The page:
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Embrace Entrepreneurial Thinking

I recently visited NASA’s Cape Canaveral Kennedy Space Center. It was a fun and educational trip, especially for my daughter.  We spent a lot of time looking at the Space Shuttle Atlantis exhibit. It also brought back memories. During the launch of Space Shuttle Columbia STS-107 in 2003, I was with a bunch of friends driving from Atlanta to Washington DC to attend another friend’s wedding. When we stopped for gas, we saw a video of the shuttle as it caught fire on re-entry killing the entire crew. It was an astonishing moment, truly unfathomable. While we had so much technology, so many safety options, so many fail-safe mechanisms at our disposal, the disaster still occurred. 

STS-107 Crew. Seated in front, from left, are: Astronauts Rick D. Husband, mission commander; Kalpana Chawla, mission specialist; and William C. McCool, pilot. Standing, from left, are: David M. Brown, Laurel B. Clark, and Michael P. Anderson, all mission specialists; and Ilan Ramon, payload specialist, representing the Israeli Space Agency. Image Credit: NASA

STS-107 Crew . Seated in front, from left, are: Astronauts Rick D. Husband, mission commander; Kalpana Chawla, mission specialist; and William C. McCool, pilot. Standing, from left, are: David M. Brown, Laurel B. Clark, and Michael P. Anderson, all mission specialists; and Ilan Ramon, payload specialist, representing the Israeli Space Agency.  Image Credit:  NASA

The space shuttle program worked to build crafts that could be used again and again, so the reusability was a key point to the program.  According to estimates, it cost one billion dollars each time the shuttle was launched. It made me wonder how much it would cost to build a new shuttle each time. I also thought a lot about how much money has been spent on programs like this. The National Aeronautics and Space Administration (NASA) and the Indian Space Research Organization (ISRO) had big research budgets and seemed to pay little attention to economic viability of space missions and programs.

I couldn’t stop comparing the shuttle with the Falcon rockets made by Elon Musk’s company SpaceX. The shuttle was made mainly for reusability, so it could be flown back and forth between earth and space again and again. The Falcon don’t fall into the ocean, instead they land in a controlled fashion, so they can be re-used for subsequent launches.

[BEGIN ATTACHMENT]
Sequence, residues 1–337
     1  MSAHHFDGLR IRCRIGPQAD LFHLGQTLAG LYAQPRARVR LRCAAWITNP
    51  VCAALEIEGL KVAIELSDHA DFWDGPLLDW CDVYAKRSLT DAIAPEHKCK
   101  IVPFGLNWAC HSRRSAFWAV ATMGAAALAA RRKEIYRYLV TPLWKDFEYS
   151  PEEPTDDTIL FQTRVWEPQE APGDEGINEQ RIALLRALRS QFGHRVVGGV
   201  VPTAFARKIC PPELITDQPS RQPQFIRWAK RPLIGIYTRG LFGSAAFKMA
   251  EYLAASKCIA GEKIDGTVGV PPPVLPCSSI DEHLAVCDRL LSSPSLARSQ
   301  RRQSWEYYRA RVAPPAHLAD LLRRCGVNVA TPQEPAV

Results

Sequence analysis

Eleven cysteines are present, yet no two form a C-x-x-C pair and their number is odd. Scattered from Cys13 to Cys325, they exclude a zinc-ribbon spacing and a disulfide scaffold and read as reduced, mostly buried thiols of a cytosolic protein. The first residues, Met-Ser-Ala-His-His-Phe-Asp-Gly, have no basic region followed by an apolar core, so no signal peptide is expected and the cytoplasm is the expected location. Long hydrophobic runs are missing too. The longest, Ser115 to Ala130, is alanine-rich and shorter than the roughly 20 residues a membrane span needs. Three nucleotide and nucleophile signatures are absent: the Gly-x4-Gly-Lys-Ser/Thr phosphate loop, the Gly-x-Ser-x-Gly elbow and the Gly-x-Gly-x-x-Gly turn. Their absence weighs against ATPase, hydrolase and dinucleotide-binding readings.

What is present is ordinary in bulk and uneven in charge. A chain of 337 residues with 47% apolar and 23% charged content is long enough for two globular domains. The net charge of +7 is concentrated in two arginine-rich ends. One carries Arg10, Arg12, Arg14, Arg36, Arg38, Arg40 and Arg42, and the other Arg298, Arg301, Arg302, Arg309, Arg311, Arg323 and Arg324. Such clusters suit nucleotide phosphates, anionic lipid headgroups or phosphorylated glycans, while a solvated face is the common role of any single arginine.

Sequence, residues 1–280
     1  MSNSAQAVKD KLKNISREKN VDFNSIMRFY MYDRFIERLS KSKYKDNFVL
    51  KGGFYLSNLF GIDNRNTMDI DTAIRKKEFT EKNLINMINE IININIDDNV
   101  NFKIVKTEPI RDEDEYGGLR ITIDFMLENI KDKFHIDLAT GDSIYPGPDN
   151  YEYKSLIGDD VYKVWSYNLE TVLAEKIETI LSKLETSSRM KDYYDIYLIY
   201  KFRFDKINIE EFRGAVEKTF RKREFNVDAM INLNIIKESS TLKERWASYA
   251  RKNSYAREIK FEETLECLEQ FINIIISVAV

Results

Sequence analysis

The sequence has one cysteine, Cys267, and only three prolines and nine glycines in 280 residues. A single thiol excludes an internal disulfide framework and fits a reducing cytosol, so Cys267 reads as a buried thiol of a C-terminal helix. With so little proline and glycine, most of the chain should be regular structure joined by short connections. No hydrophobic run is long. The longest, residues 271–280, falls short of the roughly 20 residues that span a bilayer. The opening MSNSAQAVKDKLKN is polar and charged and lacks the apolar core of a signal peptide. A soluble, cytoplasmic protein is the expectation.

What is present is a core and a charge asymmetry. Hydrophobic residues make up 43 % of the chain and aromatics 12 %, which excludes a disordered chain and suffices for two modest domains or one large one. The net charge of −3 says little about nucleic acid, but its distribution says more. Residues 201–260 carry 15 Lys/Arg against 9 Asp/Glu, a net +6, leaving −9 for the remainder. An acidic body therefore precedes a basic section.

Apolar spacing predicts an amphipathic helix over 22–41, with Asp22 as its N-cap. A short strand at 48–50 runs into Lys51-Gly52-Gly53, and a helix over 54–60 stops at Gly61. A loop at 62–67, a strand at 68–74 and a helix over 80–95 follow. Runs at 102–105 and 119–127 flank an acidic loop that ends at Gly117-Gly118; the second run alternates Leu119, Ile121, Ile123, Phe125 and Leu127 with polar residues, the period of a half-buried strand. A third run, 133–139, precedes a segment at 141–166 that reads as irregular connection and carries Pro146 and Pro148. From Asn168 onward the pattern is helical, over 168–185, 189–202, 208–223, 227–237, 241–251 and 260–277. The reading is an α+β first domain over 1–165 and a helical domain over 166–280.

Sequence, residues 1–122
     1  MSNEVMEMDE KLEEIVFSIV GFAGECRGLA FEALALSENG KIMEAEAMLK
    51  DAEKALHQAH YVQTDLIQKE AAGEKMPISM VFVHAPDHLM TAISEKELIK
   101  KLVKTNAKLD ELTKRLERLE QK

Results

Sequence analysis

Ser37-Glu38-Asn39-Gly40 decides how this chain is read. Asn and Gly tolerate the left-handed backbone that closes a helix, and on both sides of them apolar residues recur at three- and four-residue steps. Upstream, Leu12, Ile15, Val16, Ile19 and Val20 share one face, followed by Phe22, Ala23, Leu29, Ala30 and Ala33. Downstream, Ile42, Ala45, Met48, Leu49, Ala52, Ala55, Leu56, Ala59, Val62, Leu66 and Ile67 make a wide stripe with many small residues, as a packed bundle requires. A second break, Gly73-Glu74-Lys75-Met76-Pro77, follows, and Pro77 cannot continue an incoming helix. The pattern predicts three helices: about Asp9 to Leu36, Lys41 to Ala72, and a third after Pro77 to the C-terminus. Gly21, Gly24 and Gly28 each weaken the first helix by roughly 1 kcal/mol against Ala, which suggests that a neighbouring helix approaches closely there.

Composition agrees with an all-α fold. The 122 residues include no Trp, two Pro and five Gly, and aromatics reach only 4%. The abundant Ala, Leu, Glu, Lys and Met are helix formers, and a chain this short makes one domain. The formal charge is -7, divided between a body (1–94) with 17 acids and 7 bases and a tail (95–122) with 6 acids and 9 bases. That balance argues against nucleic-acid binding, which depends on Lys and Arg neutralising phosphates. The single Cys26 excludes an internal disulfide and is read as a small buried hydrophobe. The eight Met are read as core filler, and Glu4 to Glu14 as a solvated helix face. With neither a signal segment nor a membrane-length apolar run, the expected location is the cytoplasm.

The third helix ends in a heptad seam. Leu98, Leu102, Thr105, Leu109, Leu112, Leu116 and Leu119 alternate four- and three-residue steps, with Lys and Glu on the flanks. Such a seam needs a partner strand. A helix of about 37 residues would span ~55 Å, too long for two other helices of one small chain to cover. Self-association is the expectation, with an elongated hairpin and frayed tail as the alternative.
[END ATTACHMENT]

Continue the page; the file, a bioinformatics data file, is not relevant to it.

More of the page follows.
Image courtesy: SpaceX

Image courtesy: SpaceX

When I explained this to my daughter, she asked a clever question: Why was reentry such a big deal for the space shuttle, but Musk’s rockets get back without being burned up? How does he handle reentry? I didn’t have a convincing answer to give her. 

It got me thinking, though, about innovation. Some great ideas start when someone decides to take an idea that already exists and add a slight modification or extra capability to it. Often, the end result is hugely beneficial. Perhaps, at times, big corporate thinking creates the overarching idea. However, entrepreneurial thinking brings it to greatness.

Let me share a different analogy: core functionality versus customization. When, in the past, I’ve customized warehouse management software (WMS) for our clients, we tried never to touch the core functionality of the product. Touching the core of the software adds more risk to the implementation and also requires a lot more testing to ensure that you haven’t introduced issues.  We always tried leverage what was already there and add custom capabilities at the right place, to make changes quickly.  

NASA built space shuttles with an idea of reusability (corporate thinking) but Elon Musk took them to another level (entrepreneurial thinking). Big corporations tend to have big budget to make things happen. They may not focus as much on saving money or getting the most out of the money spent. Sometimes, even after spending a lot of money, they might walk away from a project.  (When I worked at HP, for example, the company launched the Touchpad after a lot of work but scrapped it and pulled the product out of the market and completely abandoned it.)

Entrepreneurs, though, tend to need to use what’s around. They have to hit at least two or three birds with a single stone. By working on multiple things, if one fails, you still have something left. It’s an entirely different mindset, one that I would argue have a potentially huge impact on the supply chain and technology sectors.

So what type of thinking do you foster in your company? Entrepreneurial or big corporation mindset? Let us know what you think in the comments section below.

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